Young John suffered a further bereavement on 1293, when his mother, Joan died. Aged only 7, it seems arrangements had already been made should John still be a minor when his parents died. It had been agreed that the custody of John and his lands should go to Joan’s parents, Robert de Vere and his wife, Alice de Sanford. However, Earl Robert died in 1296 and it is not known where 10-year-old John spent the remainder of his childhood. It seems likely that John was raised by his Warenne grandfather, until the 6th Earl’s death in 1304.

At the age of 18, John succeeded to the earldom of his grandfather as the 7th earl of Warenne, Surrey and Sussex. His vast holdings comprised of lands and manors in numerous counties, including Sussex, Surrey, Lincolnshire, Yorkshire, Wiltshire and Norfolk. John, Earl Warenne, was still a minor and would be for another three years; as a consequence, he was made a royal ward, his lands taken into the custody of the Crown. Although he and his lands were in royal custody, and managed by custodians, John lived on his own estates and in 1305 the king commanded John to provide him with forty dried and salted barrels of deer.5 In the same year, he was sent to attend a tournament at Guildford, part of John’s estates, by Edward I, who provided the young lord with considerable funds for his maintenance.6

On 7 April 1306, in spite of the fact he had not yet performed homage to the king, still only 19 years old, Edward granted John his grandfather’s lands. It may well have been at this time that Edward Balliol was placed in John’s custody. The son of John’s aunt, Isabella, and King John Balliol of Scotland, the younger Balliol had been in the custody of his grandfather, the sixth Earl Warenne, from 1299 until the old earl’s death in 1304.

Seal of Edward Balliol as King of Scots

Given that it is likely his mother was no longer living when John Balliol became king in 1292, and that the couple had been married sometime before 7th February 1281, it seems probable that Edward was born sometime in the 1280s, making him of a similar age to his cousin, John de Warenne. Indeed, the two young men may well have spent their teenage years together in their grandfather’s household, training for knighthood. John was Balliol’s guardian for about 4 years, until it was ordered that he be delivered into royal custody in 1310, by Edward II. Edward Balliol had a strong claim to the Scottish throne, one that he would later be encouraged to pursue by Edward III in the 1330s. In May 1306, John de Warenne attended his first parliament at Westminster, an event which marked his coming of age, although he was not yet 21; in fact, he was still a month shy of his twentieth birthday.

John’s early coming of age appears to have been a part of larger scheme by King Edward, as during the parliamentary session, John was brought before the king and offered Edward’s granddaughter in marriage; the young earl readily agreed to the marriage, even though his bride was only 10 years old. The proposed bride was Joan, or Jeanne of Bar, Edward’s granddaughter by his eldest daughter, Eleanor and her husband Henry, Count of Bar. In the week following the betrothal of John and Joan, and in anticipation of a new expedition against Scotland, on 22 May 1306, Edward I held a magnificent ceremony for the knighting of his eldest son, Edward; the king knighted the prince, who then went on to knight the other candidates, in the glorious setting of Westminster Abbey.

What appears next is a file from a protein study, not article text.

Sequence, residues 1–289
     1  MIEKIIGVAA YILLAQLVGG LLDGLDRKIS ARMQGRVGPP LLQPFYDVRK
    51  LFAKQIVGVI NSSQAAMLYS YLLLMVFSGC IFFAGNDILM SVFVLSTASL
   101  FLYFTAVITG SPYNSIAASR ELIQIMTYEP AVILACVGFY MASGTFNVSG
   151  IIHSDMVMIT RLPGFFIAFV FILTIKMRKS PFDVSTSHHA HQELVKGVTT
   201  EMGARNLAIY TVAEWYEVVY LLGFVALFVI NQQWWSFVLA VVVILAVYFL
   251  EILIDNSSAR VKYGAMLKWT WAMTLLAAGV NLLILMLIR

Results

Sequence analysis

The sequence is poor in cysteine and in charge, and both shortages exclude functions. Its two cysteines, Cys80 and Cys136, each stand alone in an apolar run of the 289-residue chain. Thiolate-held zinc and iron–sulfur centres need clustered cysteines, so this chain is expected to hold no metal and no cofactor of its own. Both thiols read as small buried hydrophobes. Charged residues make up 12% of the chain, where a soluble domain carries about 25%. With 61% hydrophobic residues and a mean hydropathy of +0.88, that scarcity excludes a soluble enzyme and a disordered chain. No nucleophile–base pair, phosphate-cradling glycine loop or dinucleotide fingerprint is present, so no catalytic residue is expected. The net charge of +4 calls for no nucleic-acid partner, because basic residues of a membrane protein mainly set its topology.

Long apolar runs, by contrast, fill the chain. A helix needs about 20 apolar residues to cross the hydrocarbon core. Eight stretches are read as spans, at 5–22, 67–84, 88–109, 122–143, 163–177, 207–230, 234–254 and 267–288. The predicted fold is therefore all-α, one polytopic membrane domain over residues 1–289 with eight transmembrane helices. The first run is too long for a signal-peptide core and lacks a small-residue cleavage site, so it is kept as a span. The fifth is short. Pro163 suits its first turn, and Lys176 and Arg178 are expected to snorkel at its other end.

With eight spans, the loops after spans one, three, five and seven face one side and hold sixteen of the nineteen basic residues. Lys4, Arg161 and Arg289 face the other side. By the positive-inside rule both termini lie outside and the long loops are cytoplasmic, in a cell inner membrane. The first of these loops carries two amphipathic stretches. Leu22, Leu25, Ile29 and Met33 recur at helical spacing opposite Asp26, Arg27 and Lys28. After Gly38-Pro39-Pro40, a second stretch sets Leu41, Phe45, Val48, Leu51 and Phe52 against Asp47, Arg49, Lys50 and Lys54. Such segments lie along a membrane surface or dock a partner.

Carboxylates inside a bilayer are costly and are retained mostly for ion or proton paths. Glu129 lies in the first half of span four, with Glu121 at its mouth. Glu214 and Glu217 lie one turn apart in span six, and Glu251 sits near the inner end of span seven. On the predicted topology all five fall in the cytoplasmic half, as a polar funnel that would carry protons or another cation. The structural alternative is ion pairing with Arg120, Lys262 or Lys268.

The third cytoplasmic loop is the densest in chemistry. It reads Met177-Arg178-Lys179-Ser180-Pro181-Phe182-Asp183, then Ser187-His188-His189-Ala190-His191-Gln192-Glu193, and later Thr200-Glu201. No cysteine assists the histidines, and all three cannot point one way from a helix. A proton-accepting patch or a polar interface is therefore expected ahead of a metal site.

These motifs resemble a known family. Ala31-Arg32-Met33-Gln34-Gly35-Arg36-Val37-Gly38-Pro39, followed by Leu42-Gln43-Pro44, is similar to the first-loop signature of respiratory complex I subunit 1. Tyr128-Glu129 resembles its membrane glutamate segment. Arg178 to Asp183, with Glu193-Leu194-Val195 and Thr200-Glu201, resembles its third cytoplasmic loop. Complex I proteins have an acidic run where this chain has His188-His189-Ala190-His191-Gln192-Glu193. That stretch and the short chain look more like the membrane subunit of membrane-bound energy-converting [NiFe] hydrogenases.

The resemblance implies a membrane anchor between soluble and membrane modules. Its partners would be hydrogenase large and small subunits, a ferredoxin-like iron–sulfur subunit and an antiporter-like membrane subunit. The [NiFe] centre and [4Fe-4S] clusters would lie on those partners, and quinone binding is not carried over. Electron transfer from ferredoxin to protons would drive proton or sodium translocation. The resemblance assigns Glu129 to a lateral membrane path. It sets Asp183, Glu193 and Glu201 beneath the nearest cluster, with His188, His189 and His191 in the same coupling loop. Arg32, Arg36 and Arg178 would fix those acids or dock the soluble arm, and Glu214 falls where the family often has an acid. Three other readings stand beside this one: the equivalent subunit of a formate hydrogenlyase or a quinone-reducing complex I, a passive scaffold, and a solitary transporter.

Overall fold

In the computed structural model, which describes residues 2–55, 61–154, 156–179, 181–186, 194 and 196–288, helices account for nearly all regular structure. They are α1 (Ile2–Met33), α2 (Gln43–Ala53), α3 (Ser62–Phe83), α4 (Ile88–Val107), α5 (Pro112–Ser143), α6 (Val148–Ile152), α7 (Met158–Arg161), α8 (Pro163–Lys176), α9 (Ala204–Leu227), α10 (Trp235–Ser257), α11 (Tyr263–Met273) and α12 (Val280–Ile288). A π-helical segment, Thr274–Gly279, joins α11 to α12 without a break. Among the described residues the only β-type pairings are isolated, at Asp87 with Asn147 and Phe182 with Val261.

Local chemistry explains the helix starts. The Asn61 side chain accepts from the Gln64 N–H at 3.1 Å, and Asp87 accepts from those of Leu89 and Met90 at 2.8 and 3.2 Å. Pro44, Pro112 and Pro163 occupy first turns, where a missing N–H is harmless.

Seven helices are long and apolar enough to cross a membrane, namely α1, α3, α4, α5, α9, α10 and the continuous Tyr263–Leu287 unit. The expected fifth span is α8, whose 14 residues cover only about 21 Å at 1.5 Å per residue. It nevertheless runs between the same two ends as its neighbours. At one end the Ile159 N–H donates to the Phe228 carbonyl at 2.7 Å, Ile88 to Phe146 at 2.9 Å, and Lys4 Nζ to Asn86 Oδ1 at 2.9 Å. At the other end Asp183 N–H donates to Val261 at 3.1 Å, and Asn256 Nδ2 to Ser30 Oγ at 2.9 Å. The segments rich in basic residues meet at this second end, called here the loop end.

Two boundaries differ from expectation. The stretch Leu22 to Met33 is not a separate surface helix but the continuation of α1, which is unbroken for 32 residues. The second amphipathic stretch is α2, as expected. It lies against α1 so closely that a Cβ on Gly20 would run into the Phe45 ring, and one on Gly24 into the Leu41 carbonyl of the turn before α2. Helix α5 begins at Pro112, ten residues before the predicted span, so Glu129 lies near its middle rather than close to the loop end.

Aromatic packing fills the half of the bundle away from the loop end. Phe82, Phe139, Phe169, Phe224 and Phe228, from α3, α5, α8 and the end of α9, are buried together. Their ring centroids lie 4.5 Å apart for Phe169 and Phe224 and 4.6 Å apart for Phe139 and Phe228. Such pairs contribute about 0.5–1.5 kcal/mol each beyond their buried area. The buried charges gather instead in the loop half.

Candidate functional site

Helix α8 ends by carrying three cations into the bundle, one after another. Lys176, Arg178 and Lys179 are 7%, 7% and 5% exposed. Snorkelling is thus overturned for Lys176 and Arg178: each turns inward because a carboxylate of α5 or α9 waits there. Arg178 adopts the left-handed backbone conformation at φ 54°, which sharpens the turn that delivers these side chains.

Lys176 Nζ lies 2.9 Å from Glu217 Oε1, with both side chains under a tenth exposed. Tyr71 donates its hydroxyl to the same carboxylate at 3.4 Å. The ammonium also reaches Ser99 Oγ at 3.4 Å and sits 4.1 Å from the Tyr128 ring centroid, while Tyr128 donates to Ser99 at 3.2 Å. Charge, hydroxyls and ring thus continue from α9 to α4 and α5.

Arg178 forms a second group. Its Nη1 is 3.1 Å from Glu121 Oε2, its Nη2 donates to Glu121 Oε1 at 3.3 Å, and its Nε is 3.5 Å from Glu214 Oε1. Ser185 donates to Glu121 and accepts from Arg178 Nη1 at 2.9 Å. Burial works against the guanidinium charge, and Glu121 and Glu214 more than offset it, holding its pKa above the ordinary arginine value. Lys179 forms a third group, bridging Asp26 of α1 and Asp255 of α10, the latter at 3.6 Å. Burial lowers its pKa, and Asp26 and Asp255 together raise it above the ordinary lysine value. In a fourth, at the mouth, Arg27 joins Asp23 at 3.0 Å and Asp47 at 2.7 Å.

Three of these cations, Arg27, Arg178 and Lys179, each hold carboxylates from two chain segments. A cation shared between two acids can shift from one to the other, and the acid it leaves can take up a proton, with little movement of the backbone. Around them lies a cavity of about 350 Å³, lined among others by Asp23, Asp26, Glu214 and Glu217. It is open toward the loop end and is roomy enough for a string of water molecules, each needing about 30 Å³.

In anticipation of the prince’s knighting, and in order to gather a body of knights who would be loyal to his son, the king proclaimed that all young men of sufficient age and income should travel to Westminster, to be knighted at royal expense alongside their future king, Prince Edward. The ceremony was also to bestow knighthoods on almost 300 men, John de Warenne included: ‘The yong Erle of Warenne with grete nobley was thare / A wif thei him bikenne, the erles douhter of Bare.’7

There were so many young men to be knighted, that it was impossible to find accommodation for all, and apple trees had to be chopped down in the gardens of the New Temple to make room. The prince and his closest companions kept their vigil, the night before the ceremony, watching their arms, in the abbey church at Westminster. Matthew of Westminster records that:

there was such a noise of trumpets and pipes, and such a clamour of voices, that one side of the choir could not hear the other. The others kept their vigil at the New Temple. The King provided them the necessary scarlet cloths, fine linen and belts for their use from his own wardrobe. 8

Arms of the House of Bar

The following morning, the king knighted his son in the palace of Westminster, investing him with his knight’s belt and spurs. The prince then crossed to Westminster Abbey, to invest the others; ‘The crowd was enormous, so great indeed, that two knights were killed. Each candidate was attended by three knights, who saw and assisted him through the ceremony.’9 The prince knighted sixty of the candidates himself, with other knights assisting with the rest. A lavish banquet – which later became known as the Feast of the Swans – followed the proceedings:

when two swans were brought in ornamented with gold network, emblematical of constancy and truth. When they were placed upon the table the King rose and made a vow to God and to the swans, that he would set out for Scotland and avenge the death of Comyn, and punish the treachery of the Scots … It was under these exceptionally interesting circumstances that Warenne received his knighthood.10

The murder of John Comyn, at the hands of Robert the Bruce in the church of the Greyfriars in Dumfries, on 10 February 1306, following an argument, had sent shockwaves through Christendom. Bruce had then raced to Scone where he was crowned King Robert I of Scots. As the celebrations continued a number of weddings also took place, involving several barons and nobles. John’s sister, Alice, married Edmund FitzAlan, 9th Earl of Arundel. Edmund had been a ward of John’s grandfather. The two young men were very close in age and were political allies and friends.